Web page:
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As a dating coach, I constantly hear how hard it is out there for singles — pandemic or not. From ghosting and breadcrumbing, to disposable dating and hookup culture, everybody seems to be lamenting how difficult dating has become.
However, there’s always the question of who has it worse. All my female clients say it’s definitely them, and all my male clients say it’s absolutely them.
While things differ in different places (i.e. there’s a 5-to-3 man-to-woman ratio inNew York City vs. 3-to-5 man-to-woman ratio in San Francisco), most singles face the same struggles.
It is my humble opinion that, yes, in fact, dating is harder for men. But most of this is men’s own fault, and the good news is that they are the ones who can make it easier for themselves. So let’s get into the particular challenges that guys face in dating and how to overcome them.
I would say the hardest part of meeting anyone is initiating contact. The object is at rest and you need to exert a lot of effort to get that moving. I know that we’re in the 21st century and anyone can approach anyone, but I’m just saying that most of the time the guy is the one approaching or starting the conversation.
Men think they need to have the perfect opening line. First off, you don’t. As an exercise, I gave one of my dating coaching clients the choice to give me any sentence he wanted, and I would use that as an opening line when we walked up to the next group of girls. It was something inane, but it still worked because it’s not what comes out of your mouth — it’s how you say it.
The first thing to do to make this easier is to shift your goal. Contact info, kissing, dating, sex, and relationships are all side effects. Side effects that happen when you are an interesting person. If you see a hottie across the room, don’t say to yourself, “I’m going to go see if I can take that girl home tonight.” You’ll come in with all sorts of weird energy, and it may not flow well.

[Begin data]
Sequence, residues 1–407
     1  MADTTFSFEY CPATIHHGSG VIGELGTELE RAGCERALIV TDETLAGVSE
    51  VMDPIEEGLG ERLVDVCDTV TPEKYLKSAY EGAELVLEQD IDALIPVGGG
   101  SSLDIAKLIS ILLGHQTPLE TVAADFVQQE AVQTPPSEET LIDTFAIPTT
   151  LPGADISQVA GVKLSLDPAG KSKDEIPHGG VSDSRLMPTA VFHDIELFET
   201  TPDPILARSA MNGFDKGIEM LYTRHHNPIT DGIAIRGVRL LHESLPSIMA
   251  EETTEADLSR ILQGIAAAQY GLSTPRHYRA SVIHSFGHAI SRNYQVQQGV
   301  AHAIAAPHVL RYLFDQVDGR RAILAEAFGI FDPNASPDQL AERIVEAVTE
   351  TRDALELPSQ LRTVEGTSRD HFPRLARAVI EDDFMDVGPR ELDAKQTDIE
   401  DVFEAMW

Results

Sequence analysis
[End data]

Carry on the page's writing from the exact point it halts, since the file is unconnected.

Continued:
Instead, if you say to yourself, “I’m going to go talk to her and see if I can make her laugh,” you’ll come in more relaxed, which will make her relaxed. And if the conversation starts flowing well, who knows, you may still get to take her home!
Any guy worth his salt has been turned down hundreds of times in his life. It can absolutely get draining, but men tend to beat themselves up mentally about it more than they need to.
When I was an actor many years ago, the most common word I heard was “no.” What I heard in my head was, “You’re not talented enough,” “You’re not attractive enough,” “You’re not tall enough,” or “You’re not fit enough.” It took me many years to realize you’re either right for the part or not right for the part. In fact, I may actually have been the most talented, attractive, tallest, fittest person who walked in that day. But if I’m not right for it, I’m not right. Something that felt extremely personal wasn’t personal at all.
This process really opened my eyes to the dating world, and it’s a lot about what I teach. The words we use in our heads are hugely important because they create our reality. For instance, let’s take the word reject. We use this word a lot right? “Dude, I totally got rejected!”
But, listen, you didn’t. To reject something, we need to know it, compare it with something else we know, choose one, and reject the other. It was not a rejection; it was just a non-starter.
What feels extremely personal really isn’t that personal. This woman knows nothing about you. In fact, maybe her cat died today and no one will be able to talk to her.
Another word we use is fail. “Oh man, you totally failed there!” If you tried something and learned something from that, you didn’t fail. You got better. If you go up and talk to someone and it doesn’t work out, what did you actually lose? Seven seconds. That’s it.
Everything else is in our head. That doesn’t mean it’s not real and not hard. It just means we have control over how we want to feel about it.
I know we all learn to speak, but not all of us learn how to talk. Specifically with others.